Substance discovered that turns back the fertility clock

Before the age of 30, a woman’s reproductive years are at their height. After that, fertility begins to drop; by the age of 40, it is around half what it was before the age of 30. Many women struggle with infertility, but a recent mouse study may be able to turn back the clock on eggs, giving older women new hope for fertility.

Researchers from the University of Queensland claim that by using a substance that can stop eggs from aging, they were able to increase the fertility rates of older female mice. The finding may open the door to human use in the future, giving those women who are having trouble getting pregnant hope.

For some women, becoming pregnant after the age of 40 is difficult or practically impossible. Poor egg quality, which is an issue in industrialized nations where women wait until they are older to be married and have children, is the cause of this decline in fertility.

Fresh optimism

The study, which was published in the journal Cell Reports, emphasizes turning back the hands of time to increase egg quality, which is crucial for a successful pregnancy. The scientists discovered that aging-related egg quality loss was caused by dwindling quantities of a cell molecule that is essential for generating energy.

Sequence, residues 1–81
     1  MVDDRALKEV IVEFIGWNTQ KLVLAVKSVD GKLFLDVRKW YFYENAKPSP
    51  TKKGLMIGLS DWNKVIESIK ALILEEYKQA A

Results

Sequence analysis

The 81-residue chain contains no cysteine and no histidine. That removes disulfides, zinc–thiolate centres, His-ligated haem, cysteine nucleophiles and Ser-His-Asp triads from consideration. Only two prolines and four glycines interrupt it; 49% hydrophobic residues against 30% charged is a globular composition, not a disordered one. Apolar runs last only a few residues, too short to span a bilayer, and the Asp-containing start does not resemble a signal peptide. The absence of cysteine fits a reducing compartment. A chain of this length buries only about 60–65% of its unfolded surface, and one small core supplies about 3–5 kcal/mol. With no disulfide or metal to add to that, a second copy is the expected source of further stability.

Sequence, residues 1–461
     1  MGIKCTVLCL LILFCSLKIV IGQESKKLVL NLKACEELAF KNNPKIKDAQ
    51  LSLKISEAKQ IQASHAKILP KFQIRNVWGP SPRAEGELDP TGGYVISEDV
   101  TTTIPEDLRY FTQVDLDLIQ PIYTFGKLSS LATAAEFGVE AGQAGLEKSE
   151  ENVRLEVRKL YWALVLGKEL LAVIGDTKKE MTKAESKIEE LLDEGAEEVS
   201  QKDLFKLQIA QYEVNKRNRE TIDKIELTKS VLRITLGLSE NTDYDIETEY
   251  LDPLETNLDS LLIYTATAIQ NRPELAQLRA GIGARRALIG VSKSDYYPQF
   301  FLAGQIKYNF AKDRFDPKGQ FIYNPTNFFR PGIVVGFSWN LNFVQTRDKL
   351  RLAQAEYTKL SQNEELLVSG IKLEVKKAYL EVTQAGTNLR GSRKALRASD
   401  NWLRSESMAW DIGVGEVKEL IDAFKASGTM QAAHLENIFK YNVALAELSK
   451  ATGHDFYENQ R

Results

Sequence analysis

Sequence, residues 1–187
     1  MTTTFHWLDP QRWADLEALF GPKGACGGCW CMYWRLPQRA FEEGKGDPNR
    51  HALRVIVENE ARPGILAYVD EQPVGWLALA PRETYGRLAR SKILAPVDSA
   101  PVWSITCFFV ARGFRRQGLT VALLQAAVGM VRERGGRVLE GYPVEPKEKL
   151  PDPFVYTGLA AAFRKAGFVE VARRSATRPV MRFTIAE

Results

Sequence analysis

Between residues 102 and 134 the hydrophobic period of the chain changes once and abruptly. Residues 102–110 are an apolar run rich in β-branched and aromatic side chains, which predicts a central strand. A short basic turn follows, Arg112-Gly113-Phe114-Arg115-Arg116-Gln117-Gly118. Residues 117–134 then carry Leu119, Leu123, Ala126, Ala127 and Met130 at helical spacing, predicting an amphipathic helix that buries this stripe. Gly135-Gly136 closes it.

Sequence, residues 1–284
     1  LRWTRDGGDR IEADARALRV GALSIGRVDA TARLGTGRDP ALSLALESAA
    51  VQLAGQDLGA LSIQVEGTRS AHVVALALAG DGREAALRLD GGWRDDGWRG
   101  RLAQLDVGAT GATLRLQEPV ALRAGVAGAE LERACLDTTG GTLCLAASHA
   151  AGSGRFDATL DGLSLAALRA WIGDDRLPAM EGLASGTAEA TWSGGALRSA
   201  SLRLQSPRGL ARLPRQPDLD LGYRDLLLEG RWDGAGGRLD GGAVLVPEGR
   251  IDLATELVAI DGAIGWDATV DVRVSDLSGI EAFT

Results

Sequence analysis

The molecule is made from a precursor substance, which can increase fertility when taken orally. The precursor, nicotinamide mononucleotide (NMN), and the molecule nicotinamide adenine dinucleotide (NAD) are essential for promoting the reversal of aging fertility.

The researchers gave elderly female mice tiny dosages of NMN infused in their water for a month to get at their conclusions. During a breeding experiment, they discovered that the mice had improved live birth rates and restored egg quality.

Technologies for assisted reproduction

If it works on humans, the new treatment may be able to maintain and improve the quality of egg cells as they age. Additionally, it aids in lowering an obstacle that prevents older women from becoming pregnant. There has been a substantial rise in the demand for assisted reproductive technologies, such as in vitro fertilization, since more older women are experiencing fertility issues (IVF).

Scientists state that IVF cannot improve egg quality, so the only alternative for older women at present is to use eggs donated by younger women.

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